Treatment retention and 1 year outcomes for residential programmes in England

Drug Alcohol Depend. 1999 Dec 1;57(2):89-98. doi: 10.1016/s0376-8716(99)00086-1.


This paper reports changes in substance use behaviours at 1-year follow-up, and investigates the relationship between time in treatment and observed outcomes. A total of 408 clients were interviewed at intake to 23 residential treatment programmes, and 286 (70%) of these were interviewed at 1 year. Substantial improvements were found in terms of abstinence from opiates, psychostimulants and benzodiazepines. At 1 year, half of the clients were abstinent from heroin. Reductions in injecting, sharing injecting equipment, heavy drinking and criminal behaviour were found. Critical treatment thresholds were identified using multiple logistic regression analyses. Longer stays in treatment were predictive of better 1 year outcomes.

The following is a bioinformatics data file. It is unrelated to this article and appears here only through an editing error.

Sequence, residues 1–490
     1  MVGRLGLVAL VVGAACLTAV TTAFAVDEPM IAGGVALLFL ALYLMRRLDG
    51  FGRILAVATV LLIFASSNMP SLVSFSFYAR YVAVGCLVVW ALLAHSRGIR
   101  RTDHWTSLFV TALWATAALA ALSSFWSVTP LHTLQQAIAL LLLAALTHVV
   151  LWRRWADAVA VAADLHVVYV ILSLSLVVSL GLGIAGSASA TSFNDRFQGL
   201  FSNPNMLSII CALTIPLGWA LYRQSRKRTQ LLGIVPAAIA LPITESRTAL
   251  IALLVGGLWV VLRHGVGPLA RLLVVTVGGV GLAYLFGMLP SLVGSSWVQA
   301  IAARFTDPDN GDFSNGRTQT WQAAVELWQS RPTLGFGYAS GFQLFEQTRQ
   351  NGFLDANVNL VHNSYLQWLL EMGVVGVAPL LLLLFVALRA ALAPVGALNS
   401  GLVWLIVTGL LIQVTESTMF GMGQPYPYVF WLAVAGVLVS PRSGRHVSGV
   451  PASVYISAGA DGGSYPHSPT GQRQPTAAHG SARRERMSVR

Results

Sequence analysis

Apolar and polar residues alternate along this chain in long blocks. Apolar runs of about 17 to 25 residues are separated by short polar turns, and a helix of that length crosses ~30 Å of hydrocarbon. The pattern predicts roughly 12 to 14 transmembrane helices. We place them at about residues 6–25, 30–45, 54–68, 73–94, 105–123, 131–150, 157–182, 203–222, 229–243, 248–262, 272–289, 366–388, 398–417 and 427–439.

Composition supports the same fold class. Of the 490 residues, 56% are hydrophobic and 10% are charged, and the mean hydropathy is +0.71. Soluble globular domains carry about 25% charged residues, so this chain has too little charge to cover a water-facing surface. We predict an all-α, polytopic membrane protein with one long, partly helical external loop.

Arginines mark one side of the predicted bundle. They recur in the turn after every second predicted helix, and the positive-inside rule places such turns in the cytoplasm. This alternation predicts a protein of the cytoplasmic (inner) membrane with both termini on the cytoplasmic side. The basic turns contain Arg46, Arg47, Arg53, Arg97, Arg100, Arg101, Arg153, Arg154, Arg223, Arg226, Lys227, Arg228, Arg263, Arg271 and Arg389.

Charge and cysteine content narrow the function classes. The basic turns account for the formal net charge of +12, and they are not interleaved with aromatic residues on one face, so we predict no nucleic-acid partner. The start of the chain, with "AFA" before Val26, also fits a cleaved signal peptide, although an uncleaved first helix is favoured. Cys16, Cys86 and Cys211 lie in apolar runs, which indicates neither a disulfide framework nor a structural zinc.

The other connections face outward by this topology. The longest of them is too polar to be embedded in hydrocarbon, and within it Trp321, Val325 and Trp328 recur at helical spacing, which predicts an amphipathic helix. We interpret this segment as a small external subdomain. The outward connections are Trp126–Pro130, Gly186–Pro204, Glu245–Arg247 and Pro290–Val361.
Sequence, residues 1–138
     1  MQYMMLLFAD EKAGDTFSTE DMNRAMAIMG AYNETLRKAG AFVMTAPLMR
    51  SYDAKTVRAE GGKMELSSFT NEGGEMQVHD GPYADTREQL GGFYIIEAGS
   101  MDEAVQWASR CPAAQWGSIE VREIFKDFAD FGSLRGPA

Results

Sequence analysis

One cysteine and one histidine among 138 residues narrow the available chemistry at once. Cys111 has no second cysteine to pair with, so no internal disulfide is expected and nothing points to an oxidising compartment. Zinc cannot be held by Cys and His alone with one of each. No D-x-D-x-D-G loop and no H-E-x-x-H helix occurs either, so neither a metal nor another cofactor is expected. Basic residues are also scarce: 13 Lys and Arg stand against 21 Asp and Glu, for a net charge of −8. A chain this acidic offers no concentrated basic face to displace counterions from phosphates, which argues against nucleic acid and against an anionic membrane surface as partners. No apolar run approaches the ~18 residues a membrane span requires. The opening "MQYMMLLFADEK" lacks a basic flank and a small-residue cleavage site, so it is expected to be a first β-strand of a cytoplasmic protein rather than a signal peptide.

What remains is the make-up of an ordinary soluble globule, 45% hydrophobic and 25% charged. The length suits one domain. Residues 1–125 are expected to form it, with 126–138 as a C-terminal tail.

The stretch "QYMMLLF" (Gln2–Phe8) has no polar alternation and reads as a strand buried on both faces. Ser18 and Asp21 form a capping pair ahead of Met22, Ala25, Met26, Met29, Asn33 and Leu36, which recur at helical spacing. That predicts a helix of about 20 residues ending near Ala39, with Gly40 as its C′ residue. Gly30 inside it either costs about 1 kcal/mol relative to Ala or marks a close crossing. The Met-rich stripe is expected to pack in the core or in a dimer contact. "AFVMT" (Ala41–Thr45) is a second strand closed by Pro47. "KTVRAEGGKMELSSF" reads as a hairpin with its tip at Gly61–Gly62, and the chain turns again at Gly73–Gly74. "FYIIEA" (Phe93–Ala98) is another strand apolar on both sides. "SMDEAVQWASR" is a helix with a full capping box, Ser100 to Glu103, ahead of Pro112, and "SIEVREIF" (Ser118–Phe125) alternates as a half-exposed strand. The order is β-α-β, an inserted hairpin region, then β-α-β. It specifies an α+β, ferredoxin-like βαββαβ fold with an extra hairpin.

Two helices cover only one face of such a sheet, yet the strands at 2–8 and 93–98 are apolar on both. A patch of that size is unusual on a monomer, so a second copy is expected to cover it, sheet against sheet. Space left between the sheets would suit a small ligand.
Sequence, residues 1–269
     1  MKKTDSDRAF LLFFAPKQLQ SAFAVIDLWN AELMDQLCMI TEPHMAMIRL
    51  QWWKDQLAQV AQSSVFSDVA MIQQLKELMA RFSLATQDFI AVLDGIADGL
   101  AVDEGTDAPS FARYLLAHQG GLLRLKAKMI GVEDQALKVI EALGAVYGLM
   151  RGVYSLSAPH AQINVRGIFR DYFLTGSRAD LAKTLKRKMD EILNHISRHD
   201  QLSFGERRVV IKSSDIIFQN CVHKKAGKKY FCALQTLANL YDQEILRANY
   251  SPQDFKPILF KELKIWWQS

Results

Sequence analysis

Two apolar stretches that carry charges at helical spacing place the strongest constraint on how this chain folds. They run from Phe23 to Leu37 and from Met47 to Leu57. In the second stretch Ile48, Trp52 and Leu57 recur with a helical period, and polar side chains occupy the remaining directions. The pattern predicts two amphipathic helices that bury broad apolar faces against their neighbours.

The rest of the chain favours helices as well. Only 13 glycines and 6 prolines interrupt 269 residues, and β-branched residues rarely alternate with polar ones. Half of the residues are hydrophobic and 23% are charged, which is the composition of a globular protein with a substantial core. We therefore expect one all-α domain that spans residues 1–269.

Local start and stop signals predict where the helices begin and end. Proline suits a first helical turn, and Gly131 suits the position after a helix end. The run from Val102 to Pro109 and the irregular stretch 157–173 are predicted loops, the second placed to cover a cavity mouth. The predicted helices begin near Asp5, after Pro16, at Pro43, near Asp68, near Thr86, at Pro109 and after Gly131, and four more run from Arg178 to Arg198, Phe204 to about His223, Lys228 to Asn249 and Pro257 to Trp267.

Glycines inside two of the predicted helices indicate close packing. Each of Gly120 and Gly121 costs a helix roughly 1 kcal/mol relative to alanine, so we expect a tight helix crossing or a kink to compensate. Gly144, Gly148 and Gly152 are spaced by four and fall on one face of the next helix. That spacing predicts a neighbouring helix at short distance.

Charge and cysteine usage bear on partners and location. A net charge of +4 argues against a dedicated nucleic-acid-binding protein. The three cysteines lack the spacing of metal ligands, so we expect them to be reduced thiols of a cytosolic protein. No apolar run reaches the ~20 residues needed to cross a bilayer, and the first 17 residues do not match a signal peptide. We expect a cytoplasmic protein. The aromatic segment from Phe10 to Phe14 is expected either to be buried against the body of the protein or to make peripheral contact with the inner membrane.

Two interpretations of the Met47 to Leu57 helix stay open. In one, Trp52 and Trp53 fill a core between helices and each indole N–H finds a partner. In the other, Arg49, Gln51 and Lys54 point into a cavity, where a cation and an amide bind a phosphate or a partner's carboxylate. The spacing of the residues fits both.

Publication types

  • Research Support, Non-U.S. Gov't

MeSH terms

  • Adolescent
  • Adult
  • England
  • Female
  • Follow-Up Studies
  • Humans
  • Logistic Models
  • Male
  • Multivariate Analysis
  • Residential Treatment / statistics & numerical data*
  • Substance-Related Disorders / psychology
  • Substance-Related Disorders / rehabilitation*
  • Substance-Related Disorders / urine
  • Surveys and Questionnaires
  • Time Factors
  • Treatment Outcome